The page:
Finally, the authors explore how the U.S. IMR disadvantage varies by racial and education group. They find that the U.S.’s higher post-neonatal mortality rate is driven almost entirely by excess mortality among individuals of lower socioeconomic status. As the authors note, “infants born to white, college-educated, married women in the U.S. have mortality rates that are essentially indistinguishable from a similar advantaged demographic in Austria and Finland.”
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On Memorial Day let’s admit what we’ve done to America & begin its reform

Summary: It’s not too soon to begin preparations for your Memorial Day celebrations. I suggest starting with a public reading of the documents (suitably redacted) which create a New America on the ruins of the Republic. Let’s remember the Republic that our fallen fought for — and how we we threw it away. I can imagine no better way to honor their sacrifices than by taking the first steps to rebuild America.  {1st of 2 posts today.}

No person shall be held to answer for a capital, or otherwise infamous crime, unless on a presentment or indictment of a grand jury … nor be deprived of life, liberty, or property, without due process of law

Fifth Amendment to the Constitution of the United State (1788 — ????),

Memorial Day

On  16 July 2010 the DoJ’s Office of Legal Counsel (OLC) provided Attorney General Eric Holder with the “Memorandum for the Attorney General Re: Applicability of Federal Criminal Laws and the Constitution to Contemplated Lethal Operations Against Shaykh Anwar al-Aulaqi” (see the document’s history on page 40, and the document itself starting on page 67; dating it 12 days earlier would have been quite apt).

Originally classified secret, last year a Federal Judge ordered release of this heavily redacted version in response to litigation over a Freedom of Information Act request by the ACLU and the New York Times. It’s a historic document, declaring that the Constitution requires “due process” that can be provided by action of the Executive branch alone, without judicial review or action — for actions up to and including execution of citizens

It, along with the OLC’s 2002 memorandum declaring that torture is legal, are among the great documents creating a the New America on the ruins of the Second Republic (built on the Constitution). It’s fitting that the Second Republic was created in daylight — public debate followed with votes by elected representatives — while government attorneys issue in secret the documents creating its replacement. It’s fitting that both parties drive this process, the first issued under Bush Jr and the second under Obama. Bipartisanship!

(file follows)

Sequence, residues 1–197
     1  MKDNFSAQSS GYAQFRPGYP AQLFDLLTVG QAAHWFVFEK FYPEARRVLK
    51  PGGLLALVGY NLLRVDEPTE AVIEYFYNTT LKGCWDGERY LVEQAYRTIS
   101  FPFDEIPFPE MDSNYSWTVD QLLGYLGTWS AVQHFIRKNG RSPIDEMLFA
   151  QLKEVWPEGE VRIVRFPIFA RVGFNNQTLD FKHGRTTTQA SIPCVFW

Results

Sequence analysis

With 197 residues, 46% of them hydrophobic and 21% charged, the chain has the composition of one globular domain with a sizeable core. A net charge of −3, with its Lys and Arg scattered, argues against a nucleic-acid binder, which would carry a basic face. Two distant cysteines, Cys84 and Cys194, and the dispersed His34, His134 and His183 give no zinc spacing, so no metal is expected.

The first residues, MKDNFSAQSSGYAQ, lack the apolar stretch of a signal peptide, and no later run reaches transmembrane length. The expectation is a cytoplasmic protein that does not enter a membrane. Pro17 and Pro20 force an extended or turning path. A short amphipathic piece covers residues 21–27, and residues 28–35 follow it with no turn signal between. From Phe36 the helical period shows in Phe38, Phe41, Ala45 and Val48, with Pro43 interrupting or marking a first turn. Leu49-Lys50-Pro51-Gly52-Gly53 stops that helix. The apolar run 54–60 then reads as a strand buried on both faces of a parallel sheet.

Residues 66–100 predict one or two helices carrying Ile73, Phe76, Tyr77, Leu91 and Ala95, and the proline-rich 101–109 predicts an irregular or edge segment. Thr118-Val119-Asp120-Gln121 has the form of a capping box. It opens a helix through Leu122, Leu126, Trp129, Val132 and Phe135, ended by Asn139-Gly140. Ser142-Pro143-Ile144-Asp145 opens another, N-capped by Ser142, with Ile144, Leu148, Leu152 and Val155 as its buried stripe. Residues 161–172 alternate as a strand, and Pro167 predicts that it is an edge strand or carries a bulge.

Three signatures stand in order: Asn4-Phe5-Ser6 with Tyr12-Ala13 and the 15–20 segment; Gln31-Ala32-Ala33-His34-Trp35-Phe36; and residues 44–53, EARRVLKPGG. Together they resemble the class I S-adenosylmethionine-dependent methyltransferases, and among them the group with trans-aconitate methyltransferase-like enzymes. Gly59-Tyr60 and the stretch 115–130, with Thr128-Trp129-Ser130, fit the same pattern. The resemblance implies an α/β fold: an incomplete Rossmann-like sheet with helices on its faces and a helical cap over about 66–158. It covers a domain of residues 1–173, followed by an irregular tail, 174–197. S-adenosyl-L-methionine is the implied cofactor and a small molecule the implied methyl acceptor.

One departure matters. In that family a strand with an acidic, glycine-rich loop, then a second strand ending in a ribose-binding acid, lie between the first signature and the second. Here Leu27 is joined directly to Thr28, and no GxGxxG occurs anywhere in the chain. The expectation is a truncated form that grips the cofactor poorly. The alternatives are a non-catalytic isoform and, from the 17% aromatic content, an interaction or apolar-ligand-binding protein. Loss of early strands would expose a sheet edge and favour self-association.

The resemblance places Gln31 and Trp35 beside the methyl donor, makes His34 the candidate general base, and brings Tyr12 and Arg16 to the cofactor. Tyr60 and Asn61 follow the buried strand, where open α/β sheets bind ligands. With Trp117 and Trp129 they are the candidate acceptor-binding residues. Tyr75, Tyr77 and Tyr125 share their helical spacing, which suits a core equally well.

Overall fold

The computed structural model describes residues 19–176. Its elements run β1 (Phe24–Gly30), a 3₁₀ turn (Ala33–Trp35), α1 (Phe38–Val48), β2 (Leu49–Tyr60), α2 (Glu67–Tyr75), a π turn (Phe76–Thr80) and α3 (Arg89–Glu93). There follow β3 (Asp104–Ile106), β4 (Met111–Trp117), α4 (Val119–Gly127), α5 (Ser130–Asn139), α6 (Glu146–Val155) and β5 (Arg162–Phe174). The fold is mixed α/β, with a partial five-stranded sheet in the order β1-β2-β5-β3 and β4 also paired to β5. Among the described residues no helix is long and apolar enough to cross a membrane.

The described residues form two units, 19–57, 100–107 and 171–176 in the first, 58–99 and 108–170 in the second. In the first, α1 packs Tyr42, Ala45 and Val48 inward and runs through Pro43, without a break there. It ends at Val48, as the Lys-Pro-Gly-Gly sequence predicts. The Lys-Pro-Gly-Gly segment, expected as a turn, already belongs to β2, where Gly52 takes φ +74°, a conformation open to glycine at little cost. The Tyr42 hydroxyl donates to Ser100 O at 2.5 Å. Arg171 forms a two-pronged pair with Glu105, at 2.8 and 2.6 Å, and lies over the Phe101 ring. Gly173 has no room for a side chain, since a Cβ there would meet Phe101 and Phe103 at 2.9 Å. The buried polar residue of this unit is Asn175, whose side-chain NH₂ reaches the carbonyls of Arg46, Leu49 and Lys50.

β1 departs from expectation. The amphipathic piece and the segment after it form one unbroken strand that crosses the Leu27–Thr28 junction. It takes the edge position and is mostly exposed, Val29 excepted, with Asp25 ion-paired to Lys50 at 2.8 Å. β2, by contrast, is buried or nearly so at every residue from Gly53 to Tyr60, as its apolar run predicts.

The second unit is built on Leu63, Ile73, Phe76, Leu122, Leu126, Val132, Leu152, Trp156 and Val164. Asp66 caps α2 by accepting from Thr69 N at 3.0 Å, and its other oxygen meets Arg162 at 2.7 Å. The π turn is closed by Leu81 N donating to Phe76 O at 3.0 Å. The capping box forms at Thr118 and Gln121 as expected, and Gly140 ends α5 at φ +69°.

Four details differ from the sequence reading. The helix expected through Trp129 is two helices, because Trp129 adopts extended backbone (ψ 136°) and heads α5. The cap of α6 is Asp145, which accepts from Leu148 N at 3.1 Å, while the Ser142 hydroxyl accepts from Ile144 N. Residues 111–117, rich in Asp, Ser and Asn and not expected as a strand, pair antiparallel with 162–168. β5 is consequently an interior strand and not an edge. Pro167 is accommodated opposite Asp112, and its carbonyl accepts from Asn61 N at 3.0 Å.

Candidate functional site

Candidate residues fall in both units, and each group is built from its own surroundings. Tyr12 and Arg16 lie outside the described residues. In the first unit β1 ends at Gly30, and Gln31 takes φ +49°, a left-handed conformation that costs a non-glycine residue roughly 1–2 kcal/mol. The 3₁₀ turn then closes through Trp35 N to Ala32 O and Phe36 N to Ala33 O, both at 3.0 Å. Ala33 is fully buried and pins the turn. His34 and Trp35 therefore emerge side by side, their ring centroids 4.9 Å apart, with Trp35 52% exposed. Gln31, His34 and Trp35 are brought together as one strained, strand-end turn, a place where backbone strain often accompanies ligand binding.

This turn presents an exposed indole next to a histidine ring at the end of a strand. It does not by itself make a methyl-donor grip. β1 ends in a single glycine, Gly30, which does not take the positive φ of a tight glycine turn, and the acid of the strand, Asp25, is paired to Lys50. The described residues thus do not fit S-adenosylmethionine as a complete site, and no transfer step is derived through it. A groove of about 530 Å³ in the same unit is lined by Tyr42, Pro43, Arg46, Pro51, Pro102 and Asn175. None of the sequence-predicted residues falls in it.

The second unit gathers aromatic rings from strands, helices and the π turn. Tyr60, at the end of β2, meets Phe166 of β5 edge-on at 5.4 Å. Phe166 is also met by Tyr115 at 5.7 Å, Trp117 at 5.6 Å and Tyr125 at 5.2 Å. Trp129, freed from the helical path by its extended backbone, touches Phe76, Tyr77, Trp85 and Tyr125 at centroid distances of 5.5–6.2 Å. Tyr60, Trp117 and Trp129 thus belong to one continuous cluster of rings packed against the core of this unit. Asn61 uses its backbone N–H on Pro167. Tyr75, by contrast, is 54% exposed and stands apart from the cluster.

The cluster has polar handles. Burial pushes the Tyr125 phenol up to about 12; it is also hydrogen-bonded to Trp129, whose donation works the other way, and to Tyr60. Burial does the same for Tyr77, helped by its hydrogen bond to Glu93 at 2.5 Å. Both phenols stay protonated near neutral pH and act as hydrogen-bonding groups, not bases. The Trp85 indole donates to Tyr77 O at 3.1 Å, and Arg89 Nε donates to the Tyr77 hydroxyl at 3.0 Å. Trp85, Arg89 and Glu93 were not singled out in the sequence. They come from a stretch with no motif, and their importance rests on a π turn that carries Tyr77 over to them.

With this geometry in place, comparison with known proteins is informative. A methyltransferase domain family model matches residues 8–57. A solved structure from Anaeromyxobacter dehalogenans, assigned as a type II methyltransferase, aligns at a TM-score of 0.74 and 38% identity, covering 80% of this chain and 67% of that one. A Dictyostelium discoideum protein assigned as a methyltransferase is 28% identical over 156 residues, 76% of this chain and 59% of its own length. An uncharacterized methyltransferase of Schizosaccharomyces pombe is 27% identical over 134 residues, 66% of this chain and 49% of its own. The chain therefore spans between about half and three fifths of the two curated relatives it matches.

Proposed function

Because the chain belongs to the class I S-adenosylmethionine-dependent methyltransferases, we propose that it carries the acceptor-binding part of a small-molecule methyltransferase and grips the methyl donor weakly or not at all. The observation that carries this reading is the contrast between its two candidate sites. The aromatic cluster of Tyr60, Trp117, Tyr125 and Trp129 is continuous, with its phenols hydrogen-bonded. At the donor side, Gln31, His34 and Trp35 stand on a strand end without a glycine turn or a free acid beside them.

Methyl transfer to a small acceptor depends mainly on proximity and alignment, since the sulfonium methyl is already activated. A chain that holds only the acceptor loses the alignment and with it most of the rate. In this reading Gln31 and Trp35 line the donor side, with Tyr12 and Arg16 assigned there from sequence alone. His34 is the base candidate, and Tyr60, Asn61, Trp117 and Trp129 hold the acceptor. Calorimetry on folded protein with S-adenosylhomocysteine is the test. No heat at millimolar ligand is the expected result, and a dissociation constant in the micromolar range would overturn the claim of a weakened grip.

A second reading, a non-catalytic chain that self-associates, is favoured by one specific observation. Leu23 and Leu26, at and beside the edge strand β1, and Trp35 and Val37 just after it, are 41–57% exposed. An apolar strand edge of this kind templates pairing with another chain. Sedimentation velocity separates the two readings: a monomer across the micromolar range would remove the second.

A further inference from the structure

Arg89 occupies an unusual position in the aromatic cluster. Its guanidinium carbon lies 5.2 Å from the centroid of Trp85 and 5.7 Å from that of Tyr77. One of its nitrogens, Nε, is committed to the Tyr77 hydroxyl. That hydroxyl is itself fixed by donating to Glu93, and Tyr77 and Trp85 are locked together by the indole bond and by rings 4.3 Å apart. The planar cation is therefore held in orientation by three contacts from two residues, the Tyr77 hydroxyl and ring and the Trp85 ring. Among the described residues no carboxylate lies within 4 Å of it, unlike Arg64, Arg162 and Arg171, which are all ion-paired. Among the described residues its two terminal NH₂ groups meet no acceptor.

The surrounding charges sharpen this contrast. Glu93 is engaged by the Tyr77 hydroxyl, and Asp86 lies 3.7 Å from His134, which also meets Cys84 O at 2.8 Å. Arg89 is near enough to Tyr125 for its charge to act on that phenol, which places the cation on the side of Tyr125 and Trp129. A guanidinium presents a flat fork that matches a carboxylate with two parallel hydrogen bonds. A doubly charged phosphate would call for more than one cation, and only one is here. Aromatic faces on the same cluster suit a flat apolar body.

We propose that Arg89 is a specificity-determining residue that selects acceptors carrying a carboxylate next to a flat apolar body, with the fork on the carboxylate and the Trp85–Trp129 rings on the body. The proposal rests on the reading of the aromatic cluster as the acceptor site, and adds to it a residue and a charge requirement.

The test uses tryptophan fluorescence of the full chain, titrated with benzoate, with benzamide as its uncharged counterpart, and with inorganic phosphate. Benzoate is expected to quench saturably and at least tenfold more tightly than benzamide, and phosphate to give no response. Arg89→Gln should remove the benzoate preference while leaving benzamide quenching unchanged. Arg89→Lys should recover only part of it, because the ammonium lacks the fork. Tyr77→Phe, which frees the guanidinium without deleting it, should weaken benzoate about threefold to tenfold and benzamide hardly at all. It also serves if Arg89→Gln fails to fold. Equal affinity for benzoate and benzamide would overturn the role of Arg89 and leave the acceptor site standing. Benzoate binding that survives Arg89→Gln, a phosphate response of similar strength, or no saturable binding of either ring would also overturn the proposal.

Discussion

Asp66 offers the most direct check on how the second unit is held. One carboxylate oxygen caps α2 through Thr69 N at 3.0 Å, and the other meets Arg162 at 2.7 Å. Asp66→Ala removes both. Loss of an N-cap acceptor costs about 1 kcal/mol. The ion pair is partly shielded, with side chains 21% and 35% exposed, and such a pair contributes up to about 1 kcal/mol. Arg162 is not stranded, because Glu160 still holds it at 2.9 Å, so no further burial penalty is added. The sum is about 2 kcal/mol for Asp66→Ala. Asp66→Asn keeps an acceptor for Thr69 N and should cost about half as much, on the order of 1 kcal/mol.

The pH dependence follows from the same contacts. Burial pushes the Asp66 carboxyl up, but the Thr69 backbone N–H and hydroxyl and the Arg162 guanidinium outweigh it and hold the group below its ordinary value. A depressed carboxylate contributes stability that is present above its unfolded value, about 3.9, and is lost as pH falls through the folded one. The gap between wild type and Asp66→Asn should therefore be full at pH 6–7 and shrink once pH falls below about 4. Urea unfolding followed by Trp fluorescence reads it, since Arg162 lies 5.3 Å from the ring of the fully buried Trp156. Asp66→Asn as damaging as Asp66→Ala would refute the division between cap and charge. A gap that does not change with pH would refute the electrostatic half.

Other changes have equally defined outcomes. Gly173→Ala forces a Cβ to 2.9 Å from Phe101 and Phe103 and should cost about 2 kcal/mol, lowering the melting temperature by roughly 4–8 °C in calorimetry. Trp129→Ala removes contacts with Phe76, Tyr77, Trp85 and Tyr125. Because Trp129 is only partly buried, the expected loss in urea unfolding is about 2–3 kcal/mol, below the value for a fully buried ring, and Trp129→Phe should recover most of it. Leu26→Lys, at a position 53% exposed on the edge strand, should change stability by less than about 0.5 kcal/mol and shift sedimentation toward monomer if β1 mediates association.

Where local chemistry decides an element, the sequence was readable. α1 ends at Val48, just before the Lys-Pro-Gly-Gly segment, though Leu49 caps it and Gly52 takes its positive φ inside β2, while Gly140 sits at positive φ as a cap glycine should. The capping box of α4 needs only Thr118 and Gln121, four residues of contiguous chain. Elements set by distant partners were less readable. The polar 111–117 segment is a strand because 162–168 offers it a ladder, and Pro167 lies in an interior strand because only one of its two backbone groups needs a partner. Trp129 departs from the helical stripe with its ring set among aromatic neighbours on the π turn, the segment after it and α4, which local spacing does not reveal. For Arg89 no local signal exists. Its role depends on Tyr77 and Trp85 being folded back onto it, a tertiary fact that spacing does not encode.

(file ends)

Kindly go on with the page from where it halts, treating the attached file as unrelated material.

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No need for police reform, since only criminals have trouble with police!

Summary:  This post continues from yesterday’s review of the most common reasons given why we need not reform policing in America. Whatever you think of them, they speak for the great forces in America — the interests of the 1% and the apathy of middle America. Unless people speak loudly demanding reform, we’ll get only minor changes on the road to an even more militarized police.  {1st of 2 posts today.}

Police: To Protect and to Serve

How will Americans react to the revelations this year about the behavior of police in America? The police are the second most trusted American institution (behind the military), with confidence ratings in the mid-50%s since the survey began in 1993. But this varies strongly by race, with 59% of whites having strong confidence vs. 37% of blacks (average of 2011-2014 polls).

The police will not reform without a strong public pressure, which might not appear. The revelations about NSA surveillance produce carpet-chewing by the chattering class, but no disturbance in the apathetic majority — and so far few reforms. We might see the same with the police (with one exception: crackdowns on serial police offenders, whose legal settlements add up to real money).

We already see the first responses by the police and their defenders. We discussed and refuted the first wave yesterday: that this is nothing new, that nothing has changed, it’s just business as usual in America. This post looks at the second line of defense: only criminals have trouble with police!

Police tackle & cuff dying boy's sister

Tell it to Tamir Rice

“Only criminals fear the police” is among the oddest delusions given as rebuttals to warnings about the dark evolution of law enforcement in America, given by those who refusal to see the increasing number of videos showing police abusing people committing no crime. Tamir Rice was executed in a playground. The video shows an officer jumping out of his car and immediately shooting him. His sister rushed to him, to be tackled and handcuffed. These videos show only the small fraction of such incidents that happen to get recorded and distributed.